What happened to the ‘outside agitators'?: Former FBI Agent details intelligence failures

For the last month, law enforcement has stitched together a rogues’ gallery of suspects from the riots and arsons in the wake of the killing of George Floyd.

But one thing has been missing.

The so-called ‘outside agitators’ that politicians and law enforcement suspected of fomenting the violence and destruction.

Among nearly a dozen people facing federal charges, all but one, appear to live in Minnesota.

Governor Tim Walz amplified such concerns, before later walking the statement back.

“I think our best estimate right now is 20 percent are Minnesotans and 80 percent our outside,” said Governor Walz on May 30.   Walz later said “he got over his skis” with his comments, but added it was hard for him to fathom the rioters and arsonists were from Minnesota.

Michael German, a former undercover FBI agent who is now a national security expert with the Brennan Center for Justice, describes it as an intelligence failure.

“We have created a counter-terrorism analysis ecosystem with people with agendas to bring attention to whatever group they are opposed too,” said German, who once infiltrated a neo-Nazi group.

He believes the intelligence failure begins at the top with President Donald Trump’s obsession with Antifa, the left-wing anti-fascist group.

German said beginning with the protests in Minneapolis, which spread across the country, law enforcement failed to accurately identify organizers or their motives.

Through what’s known as link analysis, law enforcement attempts to look for connections among the suspects to other events, and groups like Antifa and anarchists on the left; and on the right, white supremacists, Boogaloo Boys, and Proud Boys.

While it is likely there may be individual participants who share these ideologies, the evidence of any organized activity from these groups is likely more intelligence ‘noise’ than ‘signal.’

“They’re people of all spectrums, and people who don’t have any political agenda, who just want to engage in antisocial conduct,” said German.

Many times, German said, the suspects will simply tell investigators what they want to hear.

“People who are arrested want to get out of jail,” said German.  “And it’s not hard to find someone to tell the government what they want to hear.”

“Any kind of social unrest will attract people who just want to participate,” said German.

Matthew Rupert appears to be someone looking for such an adventure.  Prosecutors say he travelled from Illinois to Minneapolis, where he posted two hours of his looting and rioting exploits on Facebook Live.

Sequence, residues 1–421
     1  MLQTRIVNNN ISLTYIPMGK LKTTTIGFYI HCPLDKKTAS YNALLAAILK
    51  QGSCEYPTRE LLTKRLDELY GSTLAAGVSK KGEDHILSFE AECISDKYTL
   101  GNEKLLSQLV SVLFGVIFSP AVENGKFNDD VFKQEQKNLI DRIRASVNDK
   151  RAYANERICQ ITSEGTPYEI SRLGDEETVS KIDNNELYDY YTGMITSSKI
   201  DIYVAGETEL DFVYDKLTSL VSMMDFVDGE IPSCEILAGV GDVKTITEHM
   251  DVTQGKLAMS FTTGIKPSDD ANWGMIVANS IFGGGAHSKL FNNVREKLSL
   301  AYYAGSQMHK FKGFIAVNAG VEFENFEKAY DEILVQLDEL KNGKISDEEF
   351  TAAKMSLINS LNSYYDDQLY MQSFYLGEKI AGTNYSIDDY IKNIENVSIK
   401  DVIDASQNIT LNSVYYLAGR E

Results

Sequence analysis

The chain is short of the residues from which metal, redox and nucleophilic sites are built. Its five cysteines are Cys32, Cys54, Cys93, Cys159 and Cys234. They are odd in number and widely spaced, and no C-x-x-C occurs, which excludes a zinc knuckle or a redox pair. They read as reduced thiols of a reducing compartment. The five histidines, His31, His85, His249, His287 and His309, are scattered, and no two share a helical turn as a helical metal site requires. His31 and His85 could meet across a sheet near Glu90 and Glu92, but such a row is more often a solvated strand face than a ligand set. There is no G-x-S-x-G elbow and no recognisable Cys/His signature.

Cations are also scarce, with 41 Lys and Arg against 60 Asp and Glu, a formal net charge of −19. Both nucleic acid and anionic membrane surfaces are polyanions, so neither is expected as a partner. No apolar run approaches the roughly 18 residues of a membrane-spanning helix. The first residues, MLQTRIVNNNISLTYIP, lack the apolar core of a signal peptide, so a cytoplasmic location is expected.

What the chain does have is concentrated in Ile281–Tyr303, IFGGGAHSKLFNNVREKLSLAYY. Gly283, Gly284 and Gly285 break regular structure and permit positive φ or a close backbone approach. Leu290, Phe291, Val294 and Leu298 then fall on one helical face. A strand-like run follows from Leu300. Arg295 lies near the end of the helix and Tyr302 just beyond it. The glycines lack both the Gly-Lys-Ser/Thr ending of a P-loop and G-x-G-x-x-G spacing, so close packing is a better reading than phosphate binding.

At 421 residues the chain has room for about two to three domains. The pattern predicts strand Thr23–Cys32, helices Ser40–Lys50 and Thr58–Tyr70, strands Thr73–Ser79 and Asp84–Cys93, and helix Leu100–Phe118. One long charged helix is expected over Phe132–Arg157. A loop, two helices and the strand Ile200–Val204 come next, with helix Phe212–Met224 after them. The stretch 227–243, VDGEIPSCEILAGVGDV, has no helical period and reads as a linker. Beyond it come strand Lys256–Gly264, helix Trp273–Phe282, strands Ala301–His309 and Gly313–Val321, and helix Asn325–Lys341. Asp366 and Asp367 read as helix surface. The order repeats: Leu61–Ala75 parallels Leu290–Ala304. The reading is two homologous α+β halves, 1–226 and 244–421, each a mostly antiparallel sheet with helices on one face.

The outsider narrative serves another purpose.  It dismisses the righteous anger of the crowd and undermines their legitimacy.

“It justifies a more aggressive and more violent response,” said German.

“It hard for police to violently respond to protests by the community they’re sworn to protect.  So, saying its outside agitators, helps them justify more violence,” he said.

Among those facing federal arson charges who live in Minnesota:

•  Montez Lee, 25, a hip-hop musician from Rochester, is charged with the arson of a Minneapolis pawn shop. Prosecutors said video shows Lee, wearing a mask, shows him pouring liquid throughout the pawn shop, and later standing outside the burning building yelling, “We’re gonna burn this (expletive) down.”
• Bryce Williams, 26, of Staples, calls himself a Tik Tok influencer and semi-pro basketball player.  Prosecutors said when asked if burning down building is part of rioting, he said, “That’s what rioting is, it’s mass destruction.”
• Dylan Robinson, 22, of Brainerd, was reportedly on probation and in drug treatment, when he participated in the rioting.   Prosecutors say he posted video of himself throwing Molotov cocktails on Snapchat, including one where he is setting fire in a stairwell of the Third Precinct.
• Branden Wolfe, 23, from St. Paul, is also charged in the arson of the Third Precinct.  A photo allegedly shows him shirtless in front of the burning Third Precinct, his arms raised in triumph.  A former security guard at Menards, Wolfe was fired after bragging on social media about participating in the riots.   He was arrested while wearing body armor, a duty belt, handcuffs, a baton, and knife stolen from the Third Precinct.

A check of their social media accounts reveals little in the way of politics or activism.